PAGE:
Reverse Flashcard programs

Posted on June 29, 2010


I would like to discuss one of the main issues encountered with using reverse flashcards programs, when you learn languages.

– Let’s take the example of the English word “striped”, like in the expression “I am wearing a striped jacket”.

You would translate “striped” for a “chaqueta” in Spanish by “a rayas” or “de rayas” but the words “rayada” and “listada” would also be correct.
Note that those last 2 Spanish words have a different meaning and means also “scratched” in English.

– The same word translated for a “veste” in French will be “à rayures”, “rayée”, “striée” and even “zébrée

– The reverse translation for the French “rayé” as an adjective is therefore “striped” for a fabric or “scratched” for a record or for a surface. You may also use “crossed out” in English for this word.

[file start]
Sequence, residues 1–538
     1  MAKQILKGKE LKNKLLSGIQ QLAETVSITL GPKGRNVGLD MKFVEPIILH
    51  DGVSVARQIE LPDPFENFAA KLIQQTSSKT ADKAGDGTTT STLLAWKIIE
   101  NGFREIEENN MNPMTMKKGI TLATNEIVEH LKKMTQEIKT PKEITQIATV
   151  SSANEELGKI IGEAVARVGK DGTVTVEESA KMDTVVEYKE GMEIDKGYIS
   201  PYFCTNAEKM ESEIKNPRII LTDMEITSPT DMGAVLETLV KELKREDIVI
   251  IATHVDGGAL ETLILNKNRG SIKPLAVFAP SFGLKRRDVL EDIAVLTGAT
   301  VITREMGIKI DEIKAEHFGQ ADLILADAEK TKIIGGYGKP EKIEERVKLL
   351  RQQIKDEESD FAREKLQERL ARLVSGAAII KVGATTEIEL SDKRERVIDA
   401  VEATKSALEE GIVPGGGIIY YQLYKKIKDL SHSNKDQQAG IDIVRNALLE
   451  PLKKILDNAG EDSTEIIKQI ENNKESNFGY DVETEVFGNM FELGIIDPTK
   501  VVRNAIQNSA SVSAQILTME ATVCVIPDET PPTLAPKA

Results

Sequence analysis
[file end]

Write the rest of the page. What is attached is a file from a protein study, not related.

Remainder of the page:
There are many examples such as this in foreign languages which makes learning language very funny sometimes. The point is that a serious vocabulary learning program must use for each word to learn a precise context, like “fabric” or “record, surface” to get the user to learn the right word in the proper context. Otherwise, so many possible situations or contexts will create a lot of confusion.

It is therefore absolutely impossible to translate these words from one language into the other and vice versa. The original meaning of the word might be completely lost and could lead to a totally false reverse translation.

Posted in: Education, Languages